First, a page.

Equal parts ode to nature as it is a revelry of adventure, Sonntag’s In Paths Too Dark For Seeing has the feeling of an American pastoral on a grand scale. Orchestrated by Wisconsin filmmaker/songwriter Zach Johnston with the accompaniment of some of Baraboo, WI’s finest musicians, In Paths… conveys the mixed feelings of joy and terror that await anyone wishing to pursue the wonders of the unknown. A passion project since he was 21, the now 25-year-old Johnston has realized his vision, transforming an appreciation for the beauty of nature into a sonic landscape of native flutes, Andean charango and heartfelt lyrics.
Recently JoeGuerilla talked to Johnston about the inspiration behind the album, as well as the many paths traveled in its creation.
JoeGuerilla: In Paths Too Dark For Seeing has a very cinematic quality to it. I don’t mean this as a negative, but musically, it reminds me of the soundtrack to a Disney movie in many ways. What was the inspiration behind the sound?
Zach Johnston: It definitely has to do with Disney films in a way. It’s not something I consciously tried to do; the songs actually became a lot bigger and more cinematic as we went on and began sounding more and more like the score of a Disney film. More than I thought they would, but it makes sense because of how much I flip-flop between music and film. I feel like whenever I’m making film, I use music as the inspiration, and whenever I make music, I feel as if I’m making it visually.
So I wrote these songs, and they were sort of a fantasy/escape for me. At the time, I was watching a lot of Ken Burns documentaries about American History and the west in particular. I’d just moved to California and was trying to find some connection with the landscape there, because growing up in Wisconsin, things like that were very important to me. So the documentaries were inspiring. But I’d say film probably inspired In Paths… more than music. I can’t honestly say if there were any fictional films in particular that inspired the album. It was mostly documentaries and just the idea of “The West” in particular.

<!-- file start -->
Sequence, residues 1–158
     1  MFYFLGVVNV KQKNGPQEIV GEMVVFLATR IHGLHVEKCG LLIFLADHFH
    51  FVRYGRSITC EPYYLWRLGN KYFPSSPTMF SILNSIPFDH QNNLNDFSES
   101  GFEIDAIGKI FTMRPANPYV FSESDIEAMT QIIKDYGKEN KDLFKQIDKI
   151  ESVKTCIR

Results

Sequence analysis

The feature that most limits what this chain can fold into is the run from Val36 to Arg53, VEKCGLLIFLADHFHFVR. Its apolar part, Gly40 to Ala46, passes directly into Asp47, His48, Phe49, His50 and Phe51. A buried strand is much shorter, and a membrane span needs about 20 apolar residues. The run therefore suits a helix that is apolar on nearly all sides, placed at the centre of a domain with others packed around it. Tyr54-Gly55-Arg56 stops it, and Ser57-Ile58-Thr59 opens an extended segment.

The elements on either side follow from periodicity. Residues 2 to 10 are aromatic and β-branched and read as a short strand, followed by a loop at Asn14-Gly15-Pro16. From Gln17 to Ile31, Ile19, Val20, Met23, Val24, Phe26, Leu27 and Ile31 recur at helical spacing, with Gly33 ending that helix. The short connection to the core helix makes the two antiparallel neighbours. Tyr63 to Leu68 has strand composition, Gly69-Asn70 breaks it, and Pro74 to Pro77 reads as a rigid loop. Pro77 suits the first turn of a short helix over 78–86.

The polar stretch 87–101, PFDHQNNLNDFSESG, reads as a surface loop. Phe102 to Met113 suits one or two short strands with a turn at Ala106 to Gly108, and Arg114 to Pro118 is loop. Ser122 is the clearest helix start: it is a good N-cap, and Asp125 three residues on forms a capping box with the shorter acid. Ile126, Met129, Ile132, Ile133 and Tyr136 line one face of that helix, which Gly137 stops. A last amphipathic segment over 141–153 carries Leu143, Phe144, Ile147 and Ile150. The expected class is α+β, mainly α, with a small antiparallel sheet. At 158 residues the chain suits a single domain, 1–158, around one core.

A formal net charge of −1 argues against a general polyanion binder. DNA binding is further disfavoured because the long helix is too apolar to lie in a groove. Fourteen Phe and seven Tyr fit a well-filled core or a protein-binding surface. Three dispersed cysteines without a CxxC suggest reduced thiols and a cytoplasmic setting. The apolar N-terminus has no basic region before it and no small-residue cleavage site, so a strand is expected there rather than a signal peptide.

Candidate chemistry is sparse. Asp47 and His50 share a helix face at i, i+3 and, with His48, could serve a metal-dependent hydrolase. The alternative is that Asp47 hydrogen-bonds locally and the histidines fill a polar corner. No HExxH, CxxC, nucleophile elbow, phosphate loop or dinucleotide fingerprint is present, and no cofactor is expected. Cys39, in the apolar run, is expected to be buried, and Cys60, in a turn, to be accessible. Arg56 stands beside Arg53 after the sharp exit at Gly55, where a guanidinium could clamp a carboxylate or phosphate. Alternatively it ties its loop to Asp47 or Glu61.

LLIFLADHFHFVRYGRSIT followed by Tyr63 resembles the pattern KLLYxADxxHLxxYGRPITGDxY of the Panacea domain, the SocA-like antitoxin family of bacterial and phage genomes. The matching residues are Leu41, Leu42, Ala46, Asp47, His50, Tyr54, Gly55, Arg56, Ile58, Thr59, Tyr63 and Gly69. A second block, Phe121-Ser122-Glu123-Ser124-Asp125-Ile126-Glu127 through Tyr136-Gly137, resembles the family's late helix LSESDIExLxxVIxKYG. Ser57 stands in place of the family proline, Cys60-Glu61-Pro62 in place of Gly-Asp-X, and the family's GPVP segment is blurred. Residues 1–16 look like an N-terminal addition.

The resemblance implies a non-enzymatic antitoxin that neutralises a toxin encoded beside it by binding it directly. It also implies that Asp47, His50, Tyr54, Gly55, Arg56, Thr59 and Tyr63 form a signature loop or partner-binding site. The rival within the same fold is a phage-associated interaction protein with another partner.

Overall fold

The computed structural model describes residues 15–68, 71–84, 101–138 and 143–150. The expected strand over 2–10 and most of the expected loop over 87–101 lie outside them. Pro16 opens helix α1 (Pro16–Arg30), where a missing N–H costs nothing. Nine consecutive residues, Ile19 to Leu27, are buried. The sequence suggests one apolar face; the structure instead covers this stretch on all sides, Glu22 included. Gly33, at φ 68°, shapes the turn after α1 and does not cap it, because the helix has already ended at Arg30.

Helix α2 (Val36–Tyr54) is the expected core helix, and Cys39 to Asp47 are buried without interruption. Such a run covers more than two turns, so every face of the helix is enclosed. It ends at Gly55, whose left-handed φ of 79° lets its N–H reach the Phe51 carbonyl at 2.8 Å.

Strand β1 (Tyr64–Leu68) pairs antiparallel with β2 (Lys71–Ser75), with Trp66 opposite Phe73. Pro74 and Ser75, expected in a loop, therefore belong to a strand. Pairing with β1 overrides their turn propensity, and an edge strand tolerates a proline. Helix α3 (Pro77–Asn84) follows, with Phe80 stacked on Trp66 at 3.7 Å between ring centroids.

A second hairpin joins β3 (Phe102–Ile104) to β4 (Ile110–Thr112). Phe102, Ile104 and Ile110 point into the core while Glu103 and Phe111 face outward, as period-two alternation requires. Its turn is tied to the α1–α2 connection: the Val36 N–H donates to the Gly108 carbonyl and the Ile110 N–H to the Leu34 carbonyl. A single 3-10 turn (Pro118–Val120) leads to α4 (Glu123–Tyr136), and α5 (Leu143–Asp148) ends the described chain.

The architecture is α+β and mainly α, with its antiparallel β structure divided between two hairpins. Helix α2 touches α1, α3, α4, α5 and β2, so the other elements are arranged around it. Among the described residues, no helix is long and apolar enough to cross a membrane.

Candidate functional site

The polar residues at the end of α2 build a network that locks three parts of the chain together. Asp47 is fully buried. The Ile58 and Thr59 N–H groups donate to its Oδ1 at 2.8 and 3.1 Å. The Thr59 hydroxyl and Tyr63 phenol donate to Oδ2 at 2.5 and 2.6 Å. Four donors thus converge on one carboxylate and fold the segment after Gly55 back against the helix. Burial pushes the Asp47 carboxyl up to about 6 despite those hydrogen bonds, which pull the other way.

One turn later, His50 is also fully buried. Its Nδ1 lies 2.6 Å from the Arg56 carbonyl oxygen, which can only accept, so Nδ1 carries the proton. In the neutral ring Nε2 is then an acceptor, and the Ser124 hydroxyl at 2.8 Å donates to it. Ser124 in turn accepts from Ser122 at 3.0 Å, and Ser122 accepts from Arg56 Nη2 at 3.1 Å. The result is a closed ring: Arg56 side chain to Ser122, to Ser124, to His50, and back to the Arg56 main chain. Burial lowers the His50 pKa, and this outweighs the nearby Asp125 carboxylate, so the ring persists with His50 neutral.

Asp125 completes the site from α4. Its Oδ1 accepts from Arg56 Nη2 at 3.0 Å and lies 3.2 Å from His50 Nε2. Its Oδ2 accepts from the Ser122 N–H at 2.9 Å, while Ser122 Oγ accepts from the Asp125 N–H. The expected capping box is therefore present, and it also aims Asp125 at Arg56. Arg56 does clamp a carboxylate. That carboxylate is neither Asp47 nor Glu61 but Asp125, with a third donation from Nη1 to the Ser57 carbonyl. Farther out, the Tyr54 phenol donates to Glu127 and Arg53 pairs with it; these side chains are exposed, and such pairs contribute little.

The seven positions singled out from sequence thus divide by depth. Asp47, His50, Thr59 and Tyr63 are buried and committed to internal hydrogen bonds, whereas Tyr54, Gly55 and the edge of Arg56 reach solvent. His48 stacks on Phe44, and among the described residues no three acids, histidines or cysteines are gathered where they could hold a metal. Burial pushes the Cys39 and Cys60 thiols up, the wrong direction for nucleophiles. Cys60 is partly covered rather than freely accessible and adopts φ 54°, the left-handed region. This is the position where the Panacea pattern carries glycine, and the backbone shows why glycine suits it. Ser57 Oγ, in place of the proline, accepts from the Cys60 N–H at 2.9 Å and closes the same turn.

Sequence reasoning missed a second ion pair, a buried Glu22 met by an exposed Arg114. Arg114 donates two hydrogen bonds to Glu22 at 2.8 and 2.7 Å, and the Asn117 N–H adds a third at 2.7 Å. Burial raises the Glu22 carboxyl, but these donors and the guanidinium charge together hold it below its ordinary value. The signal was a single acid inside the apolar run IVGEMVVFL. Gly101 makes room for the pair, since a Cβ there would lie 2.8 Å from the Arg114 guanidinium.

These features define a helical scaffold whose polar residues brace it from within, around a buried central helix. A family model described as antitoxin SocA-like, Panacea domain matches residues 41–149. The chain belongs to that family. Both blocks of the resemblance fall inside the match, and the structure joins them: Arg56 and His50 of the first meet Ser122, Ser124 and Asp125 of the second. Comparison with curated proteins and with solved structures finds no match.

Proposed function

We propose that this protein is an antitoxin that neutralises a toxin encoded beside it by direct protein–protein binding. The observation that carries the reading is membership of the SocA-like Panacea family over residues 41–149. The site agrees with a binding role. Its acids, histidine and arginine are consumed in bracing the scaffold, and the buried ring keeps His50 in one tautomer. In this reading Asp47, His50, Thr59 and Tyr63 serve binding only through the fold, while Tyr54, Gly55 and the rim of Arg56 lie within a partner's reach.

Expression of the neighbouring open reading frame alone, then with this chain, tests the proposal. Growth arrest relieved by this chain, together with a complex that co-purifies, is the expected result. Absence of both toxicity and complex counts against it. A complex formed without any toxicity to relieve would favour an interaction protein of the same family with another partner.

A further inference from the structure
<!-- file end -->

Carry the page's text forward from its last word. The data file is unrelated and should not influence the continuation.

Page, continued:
How long did the album take for you to record?
I started it in 2009 in Wisconsin. It probably only took eight months to record the songs and get them to a decent place, and then for the next three years it was a lot of dabbling. They guy who mixed the album was Davey Roberts, who plays in the band Phox. At the time Phox hadn’t been put together yet, so all of those guys are the main players on my stuff.
Where did you record?
All of it was done in bedrooms. It was probably recorded in four of five different bedrooms, because we moved a lot. A lot of the flutes were done a couple blocks from the Madison capitol in a little apartment. I don’t really know where it was, but it was kind of by a park near the water. A lot of the rest of it was done in Verona in an apartment sort of by the Epic Software building. A small part was recorded in Nashville, Tennessee. Now that I think about it, I’d say most of it was done in Verona, basically in a bedroom closet. We recorded everything in that little closet.
You’d never guess with how “full” it sounds
Davey Roberts is the reason it sounds incredible. He filled it out and made it giant. He engineered everything and was the producer. I mean, he made it sparkle. I feel really lucky because he does all the Phox stuff too, and he’s just got such an ear and is such an amazing talent. All around, he’s one of the best bedroom producers I’ve ever seen. [Laughs]
It seems like there’s a bit of a ‘Baraboo Renaissance’ happening right now. I know you’ve all been playing for awhile, but it seems like a lot more people are starting to notice.
Yeah it’s strange. You’ve got Phox, Jimmie [Linville] with Daniel and the Lion and John Paul Roney in Boom Forest. We all come from Baraboo and have all dabbled and done and lot of different projects. It’s an interesting time because Phox is starting to get a lot of attention, my album is coming out, and Daniel and the Lion have been touring pretty consistently for years now.
We’re all going to go on a two-week tour together through the Midwest later this summer. There will be one giant show at The High Noon Saloon on September 5th where we are all going to play together. I think we’re all going to have our own set during that big show, but I think the rest of the tour is designed as a “family band” tour, where we all play together and sort of play it by ear.
Well you all did a good job on the album. If there’s one compliment I can give you, it’s that it almost made me cry.
I’m glad! [Laughs] That means a lot to me. I have such a weird relationship with the album now. I’m 25, but I wrote a lot of songs when I was 21, and since then I’ve gone through a million cycles of feeling distant from the songs or feeling over them. But now I feel like it’s come full circle, and I can look at everything differently. I was worried because the first two tracks are sort of scary and abrasive in a way, but then it goes on to the lighter tunes. So hopefully if people aren’t into the beginning they’ll stick around a few tracks to hear the later stuff.